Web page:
Large parts of Wall Street remained barricaded to foot and road traffic Monday morning as hundreds of angry protesters continued a sit-in protest against U.S. financial institutions.
"It's pretty amazing, actually," said Micah White, the senior editor for Adbusters. He said that the "Occupy Wall Street" movement, prompted by Vancouver-based Adbusters magazine, was spread through twitter and social media among U.S.-based activists; a video by hacktivist group Anonymous helped to spread the word, as protesters set up camp on Wall Street on Saturday.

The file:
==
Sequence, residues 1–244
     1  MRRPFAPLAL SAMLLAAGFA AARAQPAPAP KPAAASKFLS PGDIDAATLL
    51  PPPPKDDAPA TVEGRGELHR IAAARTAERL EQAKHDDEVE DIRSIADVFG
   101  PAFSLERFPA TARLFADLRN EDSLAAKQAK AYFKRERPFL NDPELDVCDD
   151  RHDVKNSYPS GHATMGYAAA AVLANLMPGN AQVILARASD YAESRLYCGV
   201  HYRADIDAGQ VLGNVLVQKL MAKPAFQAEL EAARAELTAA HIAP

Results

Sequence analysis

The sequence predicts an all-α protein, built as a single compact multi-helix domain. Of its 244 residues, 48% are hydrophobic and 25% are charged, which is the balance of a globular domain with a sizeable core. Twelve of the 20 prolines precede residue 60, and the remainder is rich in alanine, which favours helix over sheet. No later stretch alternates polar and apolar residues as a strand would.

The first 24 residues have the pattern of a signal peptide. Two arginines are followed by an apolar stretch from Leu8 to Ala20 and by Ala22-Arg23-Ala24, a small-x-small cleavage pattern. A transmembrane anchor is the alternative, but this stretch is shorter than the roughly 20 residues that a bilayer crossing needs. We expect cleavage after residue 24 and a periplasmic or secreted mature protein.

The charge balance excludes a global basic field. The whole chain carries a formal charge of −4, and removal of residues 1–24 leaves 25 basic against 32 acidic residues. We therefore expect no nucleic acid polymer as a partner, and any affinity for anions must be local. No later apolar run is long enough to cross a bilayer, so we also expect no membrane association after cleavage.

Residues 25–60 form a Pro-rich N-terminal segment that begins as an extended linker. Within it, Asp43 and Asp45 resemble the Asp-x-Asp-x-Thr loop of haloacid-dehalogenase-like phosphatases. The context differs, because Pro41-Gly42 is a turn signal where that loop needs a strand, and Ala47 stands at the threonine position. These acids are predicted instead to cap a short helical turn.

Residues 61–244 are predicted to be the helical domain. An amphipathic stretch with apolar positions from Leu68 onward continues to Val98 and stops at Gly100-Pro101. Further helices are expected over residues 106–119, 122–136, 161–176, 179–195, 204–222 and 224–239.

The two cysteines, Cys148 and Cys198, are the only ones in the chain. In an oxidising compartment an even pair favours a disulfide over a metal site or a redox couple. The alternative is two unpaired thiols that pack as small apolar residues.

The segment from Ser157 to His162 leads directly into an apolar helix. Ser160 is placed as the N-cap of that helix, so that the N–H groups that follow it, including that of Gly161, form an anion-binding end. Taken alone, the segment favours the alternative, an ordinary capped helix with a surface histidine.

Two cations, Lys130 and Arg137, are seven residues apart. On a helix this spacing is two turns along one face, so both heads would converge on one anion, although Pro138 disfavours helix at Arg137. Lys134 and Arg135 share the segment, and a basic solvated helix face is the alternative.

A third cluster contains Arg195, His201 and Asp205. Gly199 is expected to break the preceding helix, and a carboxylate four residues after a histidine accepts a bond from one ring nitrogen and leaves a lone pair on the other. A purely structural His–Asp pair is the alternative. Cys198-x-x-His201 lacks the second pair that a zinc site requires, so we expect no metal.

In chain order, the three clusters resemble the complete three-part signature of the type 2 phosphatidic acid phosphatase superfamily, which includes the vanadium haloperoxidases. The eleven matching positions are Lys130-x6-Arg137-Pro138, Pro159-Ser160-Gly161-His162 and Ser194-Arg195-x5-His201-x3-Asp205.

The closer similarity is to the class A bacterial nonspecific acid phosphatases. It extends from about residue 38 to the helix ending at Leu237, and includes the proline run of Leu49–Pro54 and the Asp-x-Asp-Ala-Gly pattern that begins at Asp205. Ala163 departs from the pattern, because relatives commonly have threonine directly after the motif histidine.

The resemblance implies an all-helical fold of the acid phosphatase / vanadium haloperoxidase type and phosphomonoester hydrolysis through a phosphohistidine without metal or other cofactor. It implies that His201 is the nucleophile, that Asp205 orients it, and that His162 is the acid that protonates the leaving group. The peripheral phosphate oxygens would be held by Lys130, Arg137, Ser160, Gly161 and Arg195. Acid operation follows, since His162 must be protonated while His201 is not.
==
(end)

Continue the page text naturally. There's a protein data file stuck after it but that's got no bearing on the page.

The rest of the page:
White credited the democratic protests in the Middle East as inspiration for the recent campaign.
"We're trying to follow the model set up by the Egyptian activists to have an encampment and hold a peoples' assembly," he said. "This is how it's done – you pick a symbolic place, set up camp, and hold a people's assembly and decide what your demands are."